Assay of intercellular adhesiveness using cell-coated Sephadex beads as collecting particles.
A simple, rapid and precise method, based on a previous method, for measuring relative rates of intercellular adhesion is described. DEAE-Sephadex beads were treated with nitrocellulose in order to allow cells to grow on their surfaces. Balb/c 3T3 and Balb/c 3T12 cells were used to characterize the assay. They formed confluent cell layers on nitrocellulose-treated DEAE-Sephadex. These cell-coated beads were employed to collect 32P-labelled cells from single cell suspensions. Since they formed statistically uniform, large collecting surfaces, the collection of labelled cells was markedly improved as compared to the original assay. The cell-coated beads collected a large percentage of the labelled cells in a short time. The percentage of cells collected was independent of the concentration of labelled cells in the assay mixture, and the collection was linear for approximately 60 min. The variability between replicate assays was usually +/- 5%. The assay allows the rapid and precise determination of intercellular adhesion in large numbers of individual samples. These features make it useful to screen for effects of different treatments on intercellular adhesions. (+info)
Conversion of dTDP-4-keto-6-deoxyglucose to free dTDP-4-keto-rhamnose by the rmIC gene products of Escherichia coli and Mycobacterium tuberculosis.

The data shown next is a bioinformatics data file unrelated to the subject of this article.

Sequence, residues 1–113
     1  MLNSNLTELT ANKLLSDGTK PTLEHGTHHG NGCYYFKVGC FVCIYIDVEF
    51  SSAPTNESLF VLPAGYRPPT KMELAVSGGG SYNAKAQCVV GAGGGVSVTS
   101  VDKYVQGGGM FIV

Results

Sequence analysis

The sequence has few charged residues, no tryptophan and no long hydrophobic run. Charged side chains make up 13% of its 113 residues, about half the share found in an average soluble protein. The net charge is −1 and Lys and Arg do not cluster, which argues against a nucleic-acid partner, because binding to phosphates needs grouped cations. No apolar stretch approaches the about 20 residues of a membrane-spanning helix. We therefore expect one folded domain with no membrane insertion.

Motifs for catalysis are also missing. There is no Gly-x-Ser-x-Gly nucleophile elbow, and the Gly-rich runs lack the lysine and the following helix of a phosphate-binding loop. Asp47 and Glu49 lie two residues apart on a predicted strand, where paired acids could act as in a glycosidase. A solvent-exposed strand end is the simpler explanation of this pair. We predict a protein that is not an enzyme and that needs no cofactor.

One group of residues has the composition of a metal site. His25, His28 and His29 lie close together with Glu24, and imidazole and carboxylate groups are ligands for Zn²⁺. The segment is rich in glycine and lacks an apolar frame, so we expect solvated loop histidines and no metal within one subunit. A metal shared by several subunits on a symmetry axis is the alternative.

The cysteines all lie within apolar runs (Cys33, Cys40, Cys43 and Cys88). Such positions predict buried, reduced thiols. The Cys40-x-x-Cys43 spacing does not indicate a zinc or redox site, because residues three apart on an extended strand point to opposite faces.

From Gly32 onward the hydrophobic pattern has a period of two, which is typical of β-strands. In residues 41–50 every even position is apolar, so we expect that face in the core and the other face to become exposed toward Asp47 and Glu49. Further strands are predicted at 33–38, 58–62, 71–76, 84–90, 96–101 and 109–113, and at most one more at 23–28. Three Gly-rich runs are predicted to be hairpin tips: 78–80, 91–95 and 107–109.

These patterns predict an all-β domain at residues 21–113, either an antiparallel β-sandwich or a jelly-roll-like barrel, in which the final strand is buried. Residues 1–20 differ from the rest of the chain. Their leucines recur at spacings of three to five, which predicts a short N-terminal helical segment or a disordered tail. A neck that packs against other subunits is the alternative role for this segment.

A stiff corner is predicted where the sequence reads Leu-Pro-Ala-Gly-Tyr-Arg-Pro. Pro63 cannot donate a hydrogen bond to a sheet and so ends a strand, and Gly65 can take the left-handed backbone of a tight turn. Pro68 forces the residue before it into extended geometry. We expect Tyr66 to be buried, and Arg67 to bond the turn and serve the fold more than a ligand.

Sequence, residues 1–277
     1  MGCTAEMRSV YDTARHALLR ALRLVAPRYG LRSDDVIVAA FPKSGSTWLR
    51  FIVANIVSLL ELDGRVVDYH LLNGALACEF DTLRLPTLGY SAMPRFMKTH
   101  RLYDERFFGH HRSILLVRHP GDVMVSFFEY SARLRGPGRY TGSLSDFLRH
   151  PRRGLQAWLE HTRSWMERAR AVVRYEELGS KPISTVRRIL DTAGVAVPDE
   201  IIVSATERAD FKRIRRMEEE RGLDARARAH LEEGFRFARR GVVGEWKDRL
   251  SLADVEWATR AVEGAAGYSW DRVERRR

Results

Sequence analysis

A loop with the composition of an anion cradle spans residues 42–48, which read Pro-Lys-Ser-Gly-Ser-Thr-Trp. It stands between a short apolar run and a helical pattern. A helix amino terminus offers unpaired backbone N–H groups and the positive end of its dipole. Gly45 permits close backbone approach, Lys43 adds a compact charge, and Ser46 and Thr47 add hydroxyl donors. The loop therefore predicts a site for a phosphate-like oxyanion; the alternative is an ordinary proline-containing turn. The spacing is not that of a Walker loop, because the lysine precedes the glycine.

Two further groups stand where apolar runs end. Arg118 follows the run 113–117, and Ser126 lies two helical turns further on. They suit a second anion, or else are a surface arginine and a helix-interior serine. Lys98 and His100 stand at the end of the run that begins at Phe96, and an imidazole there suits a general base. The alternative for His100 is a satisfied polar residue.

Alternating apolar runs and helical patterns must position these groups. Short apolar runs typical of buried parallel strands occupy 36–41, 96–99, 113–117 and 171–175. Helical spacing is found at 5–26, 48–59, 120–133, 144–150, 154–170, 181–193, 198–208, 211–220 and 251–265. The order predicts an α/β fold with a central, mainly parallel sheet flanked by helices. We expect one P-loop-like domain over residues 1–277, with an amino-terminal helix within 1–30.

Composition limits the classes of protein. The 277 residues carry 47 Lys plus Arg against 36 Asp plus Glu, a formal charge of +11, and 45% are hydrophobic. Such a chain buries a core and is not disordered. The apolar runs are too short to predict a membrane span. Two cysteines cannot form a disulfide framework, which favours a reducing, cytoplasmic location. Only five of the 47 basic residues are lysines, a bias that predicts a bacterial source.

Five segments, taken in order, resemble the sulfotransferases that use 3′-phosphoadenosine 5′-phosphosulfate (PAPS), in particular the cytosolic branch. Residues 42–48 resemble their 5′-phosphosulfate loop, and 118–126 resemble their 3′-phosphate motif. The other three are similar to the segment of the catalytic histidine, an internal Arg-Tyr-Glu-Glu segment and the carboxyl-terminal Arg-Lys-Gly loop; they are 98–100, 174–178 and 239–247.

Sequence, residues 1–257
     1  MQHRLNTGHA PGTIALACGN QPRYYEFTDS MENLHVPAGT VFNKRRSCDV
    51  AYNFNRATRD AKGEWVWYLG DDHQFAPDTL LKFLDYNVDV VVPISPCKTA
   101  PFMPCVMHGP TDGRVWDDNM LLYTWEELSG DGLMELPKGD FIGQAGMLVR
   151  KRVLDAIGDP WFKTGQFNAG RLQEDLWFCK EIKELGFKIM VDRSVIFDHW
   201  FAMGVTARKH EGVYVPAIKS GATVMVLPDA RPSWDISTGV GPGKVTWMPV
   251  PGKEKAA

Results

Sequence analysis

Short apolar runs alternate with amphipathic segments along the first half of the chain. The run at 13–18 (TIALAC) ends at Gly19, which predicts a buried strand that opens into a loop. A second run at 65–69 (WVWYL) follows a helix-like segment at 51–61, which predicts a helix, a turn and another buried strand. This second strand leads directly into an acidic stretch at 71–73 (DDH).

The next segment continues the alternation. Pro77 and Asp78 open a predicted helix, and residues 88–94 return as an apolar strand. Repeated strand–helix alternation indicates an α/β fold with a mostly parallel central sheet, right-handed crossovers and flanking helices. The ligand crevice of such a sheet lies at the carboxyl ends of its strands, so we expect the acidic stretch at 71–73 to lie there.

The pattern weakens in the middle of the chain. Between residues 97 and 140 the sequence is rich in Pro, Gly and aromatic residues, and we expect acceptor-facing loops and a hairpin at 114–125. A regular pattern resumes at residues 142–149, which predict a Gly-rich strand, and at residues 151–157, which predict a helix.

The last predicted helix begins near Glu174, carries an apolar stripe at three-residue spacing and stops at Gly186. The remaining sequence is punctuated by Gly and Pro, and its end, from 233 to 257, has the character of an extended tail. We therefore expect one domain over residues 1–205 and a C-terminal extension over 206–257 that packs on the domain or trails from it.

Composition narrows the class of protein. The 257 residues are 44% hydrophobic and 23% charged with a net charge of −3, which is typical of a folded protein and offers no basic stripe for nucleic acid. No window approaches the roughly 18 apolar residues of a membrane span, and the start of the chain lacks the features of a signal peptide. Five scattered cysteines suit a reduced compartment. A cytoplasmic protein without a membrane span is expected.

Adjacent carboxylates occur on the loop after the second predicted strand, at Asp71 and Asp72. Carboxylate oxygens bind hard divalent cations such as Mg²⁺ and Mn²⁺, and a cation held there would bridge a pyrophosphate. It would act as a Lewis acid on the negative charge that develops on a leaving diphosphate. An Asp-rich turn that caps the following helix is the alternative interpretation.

dTDP-rhamnose is made from glucose-1-phosphate and dTTP by four enzymes encoded by rmIA-D. An Escherichia coli rmIC mutant was constructed and a crude enzyme extract prepared from it did not produce dTDP-4-keto-rhamnose, in contrast to a crude enzyme extract prepared from a wild-type E. coli strain where small amounts of this intermediate were found after incubation with dTDP-glucose in the absence of NADPH. These results showed that dTDP-4-keto-rhamnose, the product of RmIC, exists as a free intermediate. Further, the Mycobacterium tuberculosis rmIC gene was expressed and incubation of the resulting purified M. tuberculosis RmIC enzyme with dTDP-4-keto-6-deoxyglucose resulted in the conversion of approximately 7% of dTDP-4-keto-6-deoxyglucose to dTDP-4-keto-rhamnose. The enzyme also allowed for the incorporation of two deuterium atoms from deuterium oxide solvent into dTDP-4-keto-glucose. Thus the rmIC gene encodes dTDP-4-keto-6-deoxyglucose epimerase capable of epimerizing at both C-3' and C-5'; this enzyme produces free dTDP-4-keto-rhamnose but the equilibrium of the 4-keto sugar nucleotides lies strongly on the side of the gluco configuration. (+info)
Formation and characterization of antibody against 2'-(5"-phosphoribosyl)-5' AMP, the monomer form of poly(adenosine diphosphate ribose).
Specific antibody against 2'-(5"-phosphoribosyl)-5'AMP (PR-AMP), a monomer of poly(adenosine diphosphate ribose) (poly(ADP-Rib)), was produced by immunizing a rabbit with PR-AMP coupled to bovine serum albumin (BSA). Antibody against PR-AMP was purified 53-fold from serum by (NH4) 2SO4 precipitation, and BSA-Sepharose 4B, DEAE-cellulose and (PR-AMP)-BSA-Sepharose 4B column chromatographies. Inhibition experiments show that the adenine ring, 5'-phosphate residue and ribose-ribose bond of PR-AMP were essential for the antigenic determinant of PR-AMP. Anti PR-AMP antibody bound, not only with PR-AMP, but also with poly(ADP-Rib) of various chain lengths, while anti poly(ADP-Rib) antibody bound with poly(ADP-Rib) but not with PR-AMP. (+info)